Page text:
Each chalet (there’s just one hotel on the island) is ‘privately’ situated so that the romantically inclined can snog outside on the deck without getting caught. At night time, because there is no electricity, the whole place is lit up with oil lamps and candles.
All in all, it’s the perfect venue for that special ‘castaway’ experience but without the need to eat flotsam or drink your own urine to survive.
After spending the best part of two days doing pretty much bugger all, I finally decided to go out on a kayak…and jolly nice it was too but for a few uncomfortable encounters with honeymooning couples.
Being a ‘romantic’ sort of place, I inadvertently found myself needing to silently back paddle away from all manner of hidden coves and secret caves due to the presence of love birds. I did see some Otters (which was nice), but they too were mating, so I left them alone.
To avoid further embarrassment, instead of staying close to the island, I paddled further out into the lake towards a group of local fishermen who had gathered off shore in their tiny dug out canoes.
They were fishing using mosquito nets, pulling up all sorts of colourful and tiny specimens in the process.
“You see some hot action over on that island sometimes” said the leader, peering through his binoculars towards Mumbo “You want a look?”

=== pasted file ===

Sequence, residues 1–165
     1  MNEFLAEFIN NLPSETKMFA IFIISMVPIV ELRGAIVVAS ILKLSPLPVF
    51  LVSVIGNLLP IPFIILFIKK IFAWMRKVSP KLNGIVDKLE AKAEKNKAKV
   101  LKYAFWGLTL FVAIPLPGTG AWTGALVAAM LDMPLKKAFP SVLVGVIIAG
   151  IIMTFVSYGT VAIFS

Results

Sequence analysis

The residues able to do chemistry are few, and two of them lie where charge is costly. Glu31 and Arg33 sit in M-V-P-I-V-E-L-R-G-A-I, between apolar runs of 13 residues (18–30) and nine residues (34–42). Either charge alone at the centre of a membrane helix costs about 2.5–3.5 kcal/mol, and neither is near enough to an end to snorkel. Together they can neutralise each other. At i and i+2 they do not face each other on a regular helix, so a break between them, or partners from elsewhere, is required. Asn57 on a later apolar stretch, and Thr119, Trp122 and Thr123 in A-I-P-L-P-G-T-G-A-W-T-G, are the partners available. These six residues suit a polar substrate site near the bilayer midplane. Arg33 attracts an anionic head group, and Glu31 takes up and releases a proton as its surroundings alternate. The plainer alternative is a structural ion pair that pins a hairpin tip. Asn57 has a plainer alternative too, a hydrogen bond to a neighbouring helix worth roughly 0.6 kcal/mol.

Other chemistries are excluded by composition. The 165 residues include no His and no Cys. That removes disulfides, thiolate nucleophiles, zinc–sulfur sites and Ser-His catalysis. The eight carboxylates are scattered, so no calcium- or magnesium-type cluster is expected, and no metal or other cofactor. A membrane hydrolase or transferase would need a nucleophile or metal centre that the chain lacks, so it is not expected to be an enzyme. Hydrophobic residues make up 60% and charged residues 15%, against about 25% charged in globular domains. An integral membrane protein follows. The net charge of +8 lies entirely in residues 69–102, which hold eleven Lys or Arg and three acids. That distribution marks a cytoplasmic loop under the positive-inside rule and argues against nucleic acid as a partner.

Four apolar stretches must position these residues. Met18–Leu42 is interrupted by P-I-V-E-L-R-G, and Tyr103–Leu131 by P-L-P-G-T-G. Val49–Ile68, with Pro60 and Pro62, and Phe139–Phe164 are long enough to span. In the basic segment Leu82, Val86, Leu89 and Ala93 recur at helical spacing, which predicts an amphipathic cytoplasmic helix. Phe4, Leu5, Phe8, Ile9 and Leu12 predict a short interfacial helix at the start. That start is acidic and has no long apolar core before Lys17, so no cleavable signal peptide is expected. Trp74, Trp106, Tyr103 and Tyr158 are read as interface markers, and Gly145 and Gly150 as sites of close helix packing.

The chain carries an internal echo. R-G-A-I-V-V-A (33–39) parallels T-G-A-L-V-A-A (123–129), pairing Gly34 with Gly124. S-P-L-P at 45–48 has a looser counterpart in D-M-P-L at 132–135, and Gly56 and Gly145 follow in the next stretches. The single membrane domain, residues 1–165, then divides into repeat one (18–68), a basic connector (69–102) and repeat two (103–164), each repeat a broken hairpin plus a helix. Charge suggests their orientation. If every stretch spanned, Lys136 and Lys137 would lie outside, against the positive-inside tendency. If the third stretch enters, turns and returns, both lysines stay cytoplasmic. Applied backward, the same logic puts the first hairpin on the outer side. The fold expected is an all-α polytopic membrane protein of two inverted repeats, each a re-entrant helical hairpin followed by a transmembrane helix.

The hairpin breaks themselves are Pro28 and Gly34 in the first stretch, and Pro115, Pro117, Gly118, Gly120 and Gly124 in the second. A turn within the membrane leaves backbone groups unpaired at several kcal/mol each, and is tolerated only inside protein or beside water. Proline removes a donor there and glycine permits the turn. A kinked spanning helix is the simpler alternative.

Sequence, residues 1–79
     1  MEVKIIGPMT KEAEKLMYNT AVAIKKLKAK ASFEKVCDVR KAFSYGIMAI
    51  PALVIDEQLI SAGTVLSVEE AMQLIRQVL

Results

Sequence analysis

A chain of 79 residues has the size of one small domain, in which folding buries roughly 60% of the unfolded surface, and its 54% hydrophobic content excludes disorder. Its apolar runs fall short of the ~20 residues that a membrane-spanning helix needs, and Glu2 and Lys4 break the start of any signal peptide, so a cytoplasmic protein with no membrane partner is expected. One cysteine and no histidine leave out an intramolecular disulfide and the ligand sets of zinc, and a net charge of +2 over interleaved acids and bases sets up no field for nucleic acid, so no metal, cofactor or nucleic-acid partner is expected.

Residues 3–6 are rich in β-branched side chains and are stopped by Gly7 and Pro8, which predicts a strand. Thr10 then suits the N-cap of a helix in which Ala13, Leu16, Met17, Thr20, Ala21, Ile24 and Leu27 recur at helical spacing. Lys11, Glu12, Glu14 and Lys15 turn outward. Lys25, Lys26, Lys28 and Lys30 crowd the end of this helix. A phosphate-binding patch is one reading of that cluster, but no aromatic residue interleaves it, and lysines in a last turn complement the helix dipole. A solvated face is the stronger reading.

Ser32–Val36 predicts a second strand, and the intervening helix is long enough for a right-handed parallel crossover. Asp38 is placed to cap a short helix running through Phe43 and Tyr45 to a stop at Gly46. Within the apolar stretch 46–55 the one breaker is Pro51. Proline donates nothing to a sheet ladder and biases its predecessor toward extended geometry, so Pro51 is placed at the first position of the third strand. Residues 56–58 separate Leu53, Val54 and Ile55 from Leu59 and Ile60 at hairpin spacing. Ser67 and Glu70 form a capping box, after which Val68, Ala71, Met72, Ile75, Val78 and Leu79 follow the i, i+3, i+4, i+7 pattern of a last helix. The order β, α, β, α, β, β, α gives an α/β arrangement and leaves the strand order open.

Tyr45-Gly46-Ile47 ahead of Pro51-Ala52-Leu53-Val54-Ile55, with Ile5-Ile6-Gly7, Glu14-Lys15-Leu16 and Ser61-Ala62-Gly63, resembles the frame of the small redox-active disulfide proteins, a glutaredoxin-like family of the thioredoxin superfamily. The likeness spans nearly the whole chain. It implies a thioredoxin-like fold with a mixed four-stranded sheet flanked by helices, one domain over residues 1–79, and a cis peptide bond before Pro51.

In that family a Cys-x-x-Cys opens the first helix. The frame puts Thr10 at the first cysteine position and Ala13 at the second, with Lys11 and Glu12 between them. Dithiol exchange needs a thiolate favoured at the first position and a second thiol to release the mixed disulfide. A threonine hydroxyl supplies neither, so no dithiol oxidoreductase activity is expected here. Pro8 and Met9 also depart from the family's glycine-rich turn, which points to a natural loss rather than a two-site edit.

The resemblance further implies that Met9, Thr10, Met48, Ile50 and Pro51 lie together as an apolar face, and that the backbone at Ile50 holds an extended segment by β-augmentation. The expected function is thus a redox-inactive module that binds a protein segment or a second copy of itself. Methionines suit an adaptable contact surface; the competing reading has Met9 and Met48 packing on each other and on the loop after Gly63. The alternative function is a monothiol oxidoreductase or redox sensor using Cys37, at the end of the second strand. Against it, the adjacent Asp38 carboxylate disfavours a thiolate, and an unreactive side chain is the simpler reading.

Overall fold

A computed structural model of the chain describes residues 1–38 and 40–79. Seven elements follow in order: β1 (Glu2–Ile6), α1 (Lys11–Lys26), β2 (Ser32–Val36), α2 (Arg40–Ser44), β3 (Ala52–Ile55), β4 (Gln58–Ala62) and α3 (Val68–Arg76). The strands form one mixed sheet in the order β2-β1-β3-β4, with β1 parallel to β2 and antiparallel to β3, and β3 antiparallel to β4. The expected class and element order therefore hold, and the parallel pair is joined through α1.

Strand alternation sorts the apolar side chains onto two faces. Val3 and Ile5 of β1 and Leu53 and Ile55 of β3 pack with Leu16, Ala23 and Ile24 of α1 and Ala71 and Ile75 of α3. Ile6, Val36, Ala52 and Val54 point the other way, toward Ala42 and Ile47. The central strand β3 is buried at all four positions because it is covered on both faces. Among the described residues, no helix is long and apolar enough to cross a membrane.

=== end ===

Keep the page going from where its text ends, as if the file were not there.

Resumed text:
I was just about to tell him I didn’t think it proper to spy on romantic couples, but before I could, the man proceeded to hurl a deceased fish into the air.
Instantly, a large white eagle appeared from where the man had been looking with his binoculars and sailed over to scoop up his meal.
He circled us with it in his talons; once; twice; and then he pooped on the front of my canoe before sailing off towards the mainland.
It was a magical experience. Bird cack and all.
That evening; my last in Malawi; I sat upon my balcony overlooking the lake and watched the setting sun turn the sky to ochre and the water to mauve. Adolescent monkeys played on the rocks in the dwindling light whilst down below me, a fleet of dug out canoes floated out from a little fishing village to the south. Each one was illuminated by a row of gas lanterns; fishing lures I presumed; and whilst they glided over the glassy surface through a pink and subtle mist, the men’s singing voices, rich and rhythmic, floated up to me like harmonious ghosts.
The fish eagle I had got to know so well circled above them and cried his plaintive cry.
It was a magical, and in that moment I truly understood what it was that Livingstone so loved about Lake Malawi.
I sat there until long after sunset and watched the night sky play like glitter on the lake of a thousand stars and made a promise to myself to return one day.
Only next time, I’ll be sure to bring my wife….